Each year on 1 July, the High Income Threshold under the Fair Work Act is increased. As at 1 July, 2020, the High Income Threshold is $153,600.
The Fair Work Commission defines the meaning of earnings to include:-
- Any amounts that the employee directs to be paid on their behalf ie., salary sacrifice
- Agreed value of any non monetary benefits ie., fully maintained company car, private use of a company mobile phone, private use of a company laptop. Note: if the employer and employee are unable to agree on the value of these benefits the Fair Work Commission may do so.
Whilst not earnings, Fringe Benefit Tax (FBT) is also included when calculating any non monetary benefits included in an employee’s contract, when assessing an employee’s income.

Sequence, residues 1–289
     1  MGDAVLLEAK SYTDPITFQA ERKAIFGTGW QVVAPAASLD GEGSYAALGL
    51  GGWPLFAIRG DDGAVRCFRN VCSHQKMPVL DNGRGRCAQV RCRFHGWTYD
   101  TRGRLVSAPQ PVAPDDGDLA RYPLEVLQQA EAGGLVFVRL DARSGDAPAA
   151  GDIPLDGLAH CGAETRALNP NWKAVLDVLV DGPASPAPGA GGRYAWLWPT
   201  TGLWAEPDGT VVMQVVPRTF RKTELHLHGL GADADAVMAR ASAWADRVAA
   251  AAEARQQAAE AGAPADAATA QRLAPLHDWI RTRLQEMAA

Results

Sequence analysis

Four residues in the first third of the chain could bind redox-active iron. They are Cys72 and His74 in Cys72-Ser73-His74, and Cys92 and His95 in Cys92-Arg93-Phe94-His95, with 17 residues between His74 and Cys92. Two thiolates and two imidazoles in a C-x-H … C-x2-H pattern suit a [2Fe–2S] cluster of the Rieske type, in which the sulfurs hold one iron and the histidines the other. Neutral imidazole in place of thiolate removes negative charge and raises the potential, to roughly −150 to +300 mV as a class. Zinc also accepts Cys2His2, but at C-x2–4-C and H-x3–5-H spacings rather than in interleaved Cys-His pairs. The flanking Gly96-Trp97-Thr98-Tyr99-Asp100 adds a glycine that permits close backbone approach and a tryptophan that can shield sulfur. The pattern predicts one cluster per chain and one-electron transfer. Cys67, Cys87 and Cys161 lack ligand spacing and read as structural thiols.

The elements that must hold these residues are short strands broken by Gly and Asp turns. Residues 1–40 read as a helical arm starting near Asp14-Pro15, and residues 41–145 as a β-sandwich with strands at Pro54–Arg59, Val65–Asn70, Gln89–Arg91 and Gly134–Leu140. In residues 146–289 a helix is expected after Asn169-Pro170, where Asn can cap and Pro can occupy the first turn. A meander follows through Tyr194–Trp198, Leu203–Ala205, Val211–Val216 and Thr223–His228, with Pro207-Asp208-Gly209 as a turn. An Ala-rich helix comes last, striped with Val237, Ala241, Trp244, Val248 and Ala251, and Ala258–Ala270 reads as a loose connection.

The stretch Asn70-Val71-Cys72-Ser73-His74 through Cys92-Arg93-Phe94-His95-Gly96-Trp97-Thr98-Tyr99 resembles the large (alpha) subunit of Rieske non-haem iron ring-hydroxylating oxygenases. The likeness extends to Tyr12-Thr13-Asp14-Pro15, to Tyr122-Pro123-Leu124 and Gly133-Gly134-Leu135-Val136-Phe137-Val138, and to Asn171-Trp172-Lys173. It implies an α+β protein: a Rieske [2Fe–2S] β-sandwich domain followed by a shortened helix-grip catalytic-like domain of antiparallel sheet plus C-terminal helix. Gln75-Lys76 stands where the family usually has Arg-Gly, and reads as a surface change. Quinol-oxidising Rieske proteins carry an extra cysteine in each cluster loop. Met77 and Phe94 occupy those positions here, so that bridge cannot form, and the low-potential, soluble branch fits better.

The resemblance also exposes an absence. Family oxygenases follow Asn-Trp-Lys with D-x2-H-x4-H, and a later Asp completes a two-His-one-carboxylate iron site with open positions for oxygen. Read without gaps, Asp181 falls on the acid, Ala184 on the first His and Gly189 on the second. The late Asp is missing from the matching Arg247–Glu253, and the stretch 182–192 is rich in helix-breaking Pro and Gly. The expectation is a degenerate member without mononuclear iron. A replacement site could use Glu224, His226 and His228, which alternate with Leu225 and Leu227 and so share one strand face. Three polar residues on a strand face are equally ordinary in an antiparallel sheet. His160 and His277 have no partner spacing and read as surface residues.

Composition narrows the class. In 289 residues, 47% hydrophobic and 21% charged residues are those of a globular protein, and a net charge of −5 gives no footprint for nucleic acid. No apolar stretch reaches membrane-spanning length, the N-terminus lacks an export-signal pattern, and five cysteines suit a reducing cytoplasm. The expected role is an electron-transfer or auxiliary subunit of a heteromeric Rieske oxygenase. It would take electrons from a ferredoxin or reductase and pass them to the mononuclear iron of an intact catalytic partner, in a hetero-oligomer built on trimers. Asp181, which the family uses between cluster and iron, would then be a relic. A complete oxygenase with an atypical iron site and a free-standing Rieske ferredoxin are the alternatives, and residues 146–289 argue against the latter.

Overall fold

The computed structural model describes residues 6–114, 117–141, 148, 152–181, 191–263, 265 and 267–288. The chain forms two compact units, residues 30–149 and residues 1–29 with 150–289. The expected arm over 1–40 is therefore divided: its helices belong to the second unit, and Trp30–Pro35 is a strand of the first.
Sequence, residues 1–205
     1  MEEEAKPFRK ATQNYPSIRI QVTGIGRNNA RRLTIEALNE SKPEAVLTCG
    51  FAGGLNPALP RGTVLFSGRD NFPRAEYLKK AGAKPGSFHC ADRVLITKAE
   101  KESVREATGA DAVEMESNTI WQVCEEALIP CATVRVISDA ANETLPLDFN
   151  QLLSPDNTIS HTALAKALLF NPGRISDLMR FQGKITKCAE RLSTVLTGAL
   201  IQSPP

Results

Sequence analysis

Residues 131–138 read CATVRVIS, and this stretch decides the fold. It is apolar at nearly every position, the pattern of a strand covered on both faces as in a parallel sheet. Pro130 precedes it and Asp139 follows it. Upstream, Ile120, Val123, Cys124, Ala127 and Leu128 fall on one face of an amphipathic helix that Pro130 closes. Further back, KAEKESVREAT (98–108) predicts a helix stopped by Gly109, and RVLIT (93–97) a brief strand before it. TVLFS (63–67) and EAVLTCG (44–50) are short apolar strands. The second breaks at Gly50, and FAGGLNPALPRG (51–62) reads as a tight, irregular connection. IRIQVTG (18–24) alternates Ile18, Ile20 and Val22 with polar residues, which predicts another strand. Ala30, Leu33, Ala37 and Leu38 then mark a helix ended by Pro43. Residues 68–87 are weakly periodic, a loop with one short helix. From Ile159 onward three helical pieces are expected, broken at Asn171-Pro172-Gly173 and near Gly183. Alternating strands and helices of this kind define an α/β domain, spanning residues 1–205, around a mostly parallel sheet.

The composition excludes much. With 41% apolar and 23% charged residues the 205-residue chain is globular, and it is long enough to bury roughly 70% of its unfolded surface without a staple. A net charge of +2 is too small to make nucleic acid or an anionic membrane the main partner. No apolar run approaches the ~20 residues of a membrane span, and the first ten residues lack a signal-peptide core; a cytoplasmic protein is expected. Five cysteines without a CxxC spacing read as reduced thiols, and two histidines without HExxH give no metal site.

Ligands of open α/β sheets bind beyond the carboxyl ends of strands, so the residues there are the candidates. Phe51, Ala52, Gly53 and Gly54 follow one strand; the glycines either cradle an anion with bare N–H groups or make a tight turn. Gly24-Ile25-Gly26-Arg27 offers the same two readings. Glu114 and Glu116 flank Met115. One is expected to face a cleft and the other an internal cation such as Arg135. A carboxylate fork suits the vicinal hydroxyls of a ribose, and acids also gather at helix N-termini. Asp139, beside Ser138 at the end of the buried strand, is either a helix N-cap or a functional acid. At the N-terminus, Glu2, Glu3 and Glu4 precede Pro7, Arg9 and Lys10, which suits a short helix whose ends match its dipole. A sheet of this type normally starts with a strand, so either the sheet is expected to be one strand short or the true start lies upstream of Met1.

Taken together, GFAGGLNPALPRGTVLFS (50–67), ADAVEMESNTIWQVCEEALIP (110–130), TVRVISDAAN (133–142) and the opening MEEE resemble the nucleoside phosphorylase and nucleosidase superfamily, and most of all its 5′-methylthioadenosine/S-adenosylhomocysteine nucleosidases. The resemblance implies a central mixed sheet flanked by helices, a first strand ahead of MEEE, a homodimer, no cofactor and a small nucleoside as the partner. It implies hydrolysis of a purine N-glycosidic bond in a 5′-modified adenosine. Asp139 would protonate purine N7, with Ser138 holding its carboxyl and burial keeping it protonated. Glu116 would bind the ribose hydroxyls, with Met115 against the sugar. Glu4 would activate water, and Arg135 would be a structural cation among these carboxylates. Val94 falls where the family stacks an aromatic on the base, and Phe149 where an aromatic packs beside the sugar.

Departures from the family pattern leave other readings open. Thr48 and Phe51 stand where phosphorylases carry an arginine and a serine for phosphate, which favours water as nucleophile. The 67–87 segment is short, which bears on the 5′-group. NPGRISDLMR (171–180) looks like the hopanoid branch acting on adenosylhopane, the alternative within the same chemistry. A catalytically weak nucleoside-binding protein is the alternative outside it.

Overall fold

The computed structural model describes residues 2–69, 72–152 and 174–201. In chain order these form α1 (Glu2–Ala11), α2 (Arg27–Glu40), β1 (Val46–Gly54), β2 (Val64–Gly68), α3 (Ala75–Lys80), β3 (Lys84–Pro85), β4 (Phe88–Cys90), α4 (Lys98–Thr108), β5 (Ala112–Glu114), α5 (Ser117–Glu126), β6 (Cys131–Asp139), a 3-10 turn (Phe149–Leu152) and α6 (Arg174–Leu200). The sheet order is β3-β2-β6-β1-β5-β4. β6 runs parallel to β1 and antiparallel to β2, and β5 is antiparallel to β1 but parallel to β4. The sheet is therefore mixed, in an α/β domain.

The Fair Work Commission defines what is not earnings:-
- Payments which cannot be guaranteed ie., commissions, incentive-based payments or bonuses, overtime (unless it is guaranteed)
- Expense reimbursements
- Superannuation contributions made by the employer
An employee who has not yet completed 12 months with the employer will have their income calculated based on the annual equivalent for the period of service completed ie., 7 months completed - $153,600 / 12 x 7 = $89,600.
It is commonly misunderstood that because an employee earns in excess of the High Income Threshold, that they cannot claim remedy for unfair dismissal. This however is not always the case. An award/agreement free employee cannot seek remedy for unfair dismissal if their annual earnings are higher than the High Income Threshold.
A high income earner will have access to unfair dismissal remedy if they are covered by an award, even when as a guaranteed high income they are excluded from the application of an award.
An employee covered by a modern award or agreement can access unfair dismissal remedy even if their salary is higher than the High Income Threshold.
For assistance in determining if your high income earner has award coverage, please contact us at email@example.com or 1300 720 004.